On 30-06-2008 at 18:04, Anonymous wrote:
Sorry - check example 4 in the SPI Library.
Noted that your function call "order" is different than that in the library. Look especially @ your placement of:
SPI_InitStructure.SPI_NSS = SPI_NSS_Hard;
On 02-07-2008 at 13:37, Anonymous wrote:
I made a workaround. I am contolling the Slave Select by using it as a normal I/O port, and then using the Transmit buffer empty falg and the bussy flag.
I think that the NSS output is only used when you are dealing with Multimasters.
There is no issue with NSS management...NSS hardware toggling available...
Yes, there is no issue with NSS behavior for F1, F2 and F4 MCUs.
Before explaining how, I want to inform you that the behavior you are expecting is available with F0 and F3 families.
Now to explain the current behavior for F1, F2 and F4:
NSS pin is driven low by the master to inform that all the other connected SPIs are potentially slave. This signal remains active and forced by the master until the master is becoming slave or is disactivated (switched-off, SPE=0 in SPI_CR register).
It means if a master sends a data and stops for a moment before sending another data, NSS pin will stay low.
The utility of the NSS hardware mode depends on the use case:
- Point to point SPI communication: NSS OUTPUT pin is not mandatory to be used for a master. This feature is a way for a master to control its slave forcing NSS pin low as soon as it is the master of the communication.
- Multi-Slave mode: There is one master and more than two slaves. In this case, there is no need to use NSS HW mode, since for each slave you need a dedicated GPIO to select it.
- When there are more than two SPIs connected on the bus, and more than one could function as Master. It is NEEDED to use NSS HW output to know who the master is at the beginning of the session. In this case the other master(s) should manage that the NSS line could go low and in this case behave as slave(s) or stay inactive. Here the NSS HW output is NEEDED to know each time who is the master. In this case, all the NSS pins of all SPIs should be connected together. When an SPI wants to broadcast a message, it has to pull NSS down to inform all others that there is now a master for the bus.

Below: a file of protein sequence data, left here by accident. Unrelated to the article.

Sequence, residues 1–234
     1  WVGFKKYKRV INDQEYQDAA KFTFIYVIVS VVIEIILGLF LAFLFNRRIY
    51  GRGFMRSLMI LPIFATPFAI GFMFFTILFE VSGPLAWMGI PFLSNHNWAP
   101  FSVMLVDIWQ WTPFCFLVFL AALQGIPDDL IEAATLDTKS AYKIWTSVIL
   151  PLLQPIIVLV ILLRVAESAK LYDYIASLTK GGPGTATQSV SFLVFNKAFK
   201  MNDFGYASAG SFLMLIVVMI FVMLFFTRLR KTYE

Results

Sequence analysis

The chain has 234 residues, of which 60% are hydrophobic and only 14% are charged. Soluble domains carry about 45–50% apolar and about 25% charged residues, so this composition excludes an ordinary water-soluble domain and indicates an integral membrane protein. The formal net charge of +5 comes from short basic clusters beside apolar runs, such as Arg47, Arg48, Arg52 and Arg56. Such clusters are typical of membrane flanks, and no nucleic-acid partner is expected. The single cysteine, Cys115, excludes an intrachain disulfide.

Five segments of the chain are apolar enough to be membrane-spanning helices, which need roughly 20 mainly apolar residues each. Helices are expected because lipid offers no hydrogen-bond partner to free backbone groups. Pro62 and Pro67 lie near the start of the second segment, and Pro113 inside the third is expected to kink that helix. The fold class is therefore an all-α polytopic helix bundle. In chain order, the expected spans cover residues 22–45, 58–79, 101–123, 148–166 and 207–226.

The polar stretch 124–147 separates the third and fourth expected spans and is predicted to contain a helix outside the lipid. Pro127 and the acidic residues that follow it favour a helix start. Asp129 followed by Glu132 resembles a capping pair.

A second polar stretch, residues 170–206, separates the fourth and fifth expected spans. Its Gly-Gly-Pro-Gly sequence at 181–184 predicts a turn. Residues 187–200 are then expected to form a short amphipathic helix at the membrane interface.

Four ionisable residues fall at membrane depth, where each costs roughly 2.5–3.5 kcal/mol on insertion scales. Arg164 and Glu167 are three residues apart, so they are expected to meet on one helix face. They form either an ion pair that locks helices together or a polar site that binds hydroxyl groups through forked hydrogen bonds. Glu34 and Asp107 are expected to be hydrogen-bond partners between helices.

I hope this post will clarify the NSS Hardware management feature.
So, for the ones who want it, you can switch to F3 or F0 and check the NSS hardware toggling feature.
/* SPI2 init function */
hspi2.Instance = SPI2;
hspi2.Init.Mode = SPI_MODE_MASTER;
hspi2.Init.Direction = SPI_DIRECTION_2LINES_RXONLY;
hspi2.Init.DataSize = SPI_DATASIZE_16BIT;
hspi2.Init.CLKPolarity = SPI_POLARITY_LOW;
hspi2.Init.CLKPhase = SPI_PHASE_1EDGE;
hspi2.Init.NSS = SPI_NSS_HARD_OUTPUT;
hspi2.Init.BaudRatePrescaler = SPI_BAUDRATEPRESCALER_64;
hspi2.Init.FirstBit = SPI_FIRSTBIT_MSB;
hspi2.Init.TIMode = SPI_TIMODE_DISABLED;
hspi2.Init.CRCCalculation = SPI_CRCCALCULATION_DISABLED;
hspi2.Init.CRCPolynomial = 7;
hspi2.Init.CRCLength = SPI_CRC_LENGTH_DATASIZE;
hspi2.Init.NSSPMode = SPI_NSS_PULSE_DISABLED;
void HAL_SPI_MspInit(SPI_HandleTypeDef* hspi)
/* USER CODE BEGIN SPI2_MspInit 0 */
/* USER CODE END SPI2_MspInit 0 */
/* Peripheral clock enable */
/**SPI2 GPIO Configuration
PA8 ------> SPI2_SCK
PA9 ------> SPI2_MISO
PA11 ------> SPI2_NSS
GPIO_InitStruct.Pin = GPIO_PIN_8|GPIO_PIN_9;
GPIO_InitStruct.Mode = GPIO_MODE_AF_PP;
GPIO_InitStruct.Pull = GPIO_NOPULL;
GPIO_InitStruct.Speed = GPIO_SPEED_MEDIUM;
GPIO_InitStruct.Alternate = GPIO_AF5_SPI2;
GPIO_InitStruct.Pin = GPIO_PIN_11;
GPIO_InitStruct.Pull = GPIO_PULLUP;
GPIO_InitStruct.Speed = GPIO_SPEED_HIGH;
/* Peripheral interrupt init*/
HAL_NVIC_SetPriority(SPI2_IRQn, 5, 0);
/* USER CODE BEGIN SPI2_MspInit 1 */
/* USER CODE END SPI2_MspInit 1 */
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